|Amoeba lassoes a bacterium for chow.|
Image credit: CDC / Dr. Barry S. Fields, who are not endorsing these here contents
The recent report of a 1.5-billion-year-old fossil has brought attention once again to the alleged evolution of multicellular systems. This 30-centimeter fossil is offered as evidence that multicellular life evolved a billion years before the so-called Cambrian Explosion. Pyritic structures have also been suggested as showing that the first multicellular life may have evolved even earlier.To read the rest, click on "Could Life Have Evolved Multicellular Systems?"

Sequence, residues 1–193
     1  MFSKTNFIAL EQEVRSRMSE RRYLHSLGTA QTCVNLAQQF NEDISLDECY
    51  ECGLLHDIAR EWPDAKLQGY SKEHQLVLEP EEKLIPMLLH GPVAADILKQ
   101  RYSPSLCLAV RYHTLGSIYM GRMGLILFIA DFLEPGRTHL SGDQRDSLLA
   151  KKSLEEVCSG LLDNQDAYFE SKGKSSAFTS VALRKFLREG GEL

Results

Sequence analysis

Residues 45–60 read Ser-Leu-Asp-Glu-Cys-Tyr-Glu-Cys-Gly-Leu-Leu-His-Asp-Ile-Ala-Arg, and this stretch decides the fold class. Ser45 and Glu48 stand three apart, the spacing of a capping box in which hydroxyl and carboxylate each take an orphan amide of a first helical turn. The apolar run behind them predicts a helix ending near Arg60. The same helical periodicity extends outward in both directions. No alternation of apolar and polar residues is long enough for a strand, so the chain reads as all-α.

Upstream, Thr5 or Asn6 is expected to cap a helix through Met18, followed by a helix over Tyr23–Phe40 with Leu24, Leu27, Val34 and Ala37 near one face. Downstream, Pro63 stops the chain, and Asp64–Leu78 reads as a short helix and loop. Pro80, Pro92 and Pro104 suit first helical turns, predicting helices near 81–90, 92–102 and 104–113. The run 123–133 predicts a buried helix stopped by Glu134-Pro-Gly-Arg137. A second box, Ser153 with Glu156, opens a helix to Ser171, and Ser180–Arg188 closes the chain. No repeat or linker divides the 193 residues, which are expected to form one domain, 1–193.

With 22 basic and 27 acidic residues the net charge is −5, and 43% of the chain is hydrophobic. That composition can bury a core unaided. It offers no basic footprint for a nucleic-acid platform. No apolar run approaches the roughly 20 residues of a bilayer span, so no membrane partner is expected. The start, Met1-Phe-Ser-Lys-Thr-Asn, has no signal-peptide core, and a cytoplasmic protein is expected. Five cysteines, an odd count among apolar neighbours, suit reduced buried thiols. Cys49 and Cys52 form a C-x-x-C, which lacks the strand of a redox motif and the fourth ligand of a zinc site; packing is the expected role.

Yet the key question—the “elephant in the room”—is why would multicellular systems have ever evolved? This question has long puzzled evolutionists. Single-celled (unicellular) organisms, such as bacteria, are the most versatile and adaptable organisms on earth. They are often described as Darwinian engines. Why would there be an evolutionary advantage to “evolve” multicellular systems (with more complex biological apparatus, less adaptability, and slower reproduction)?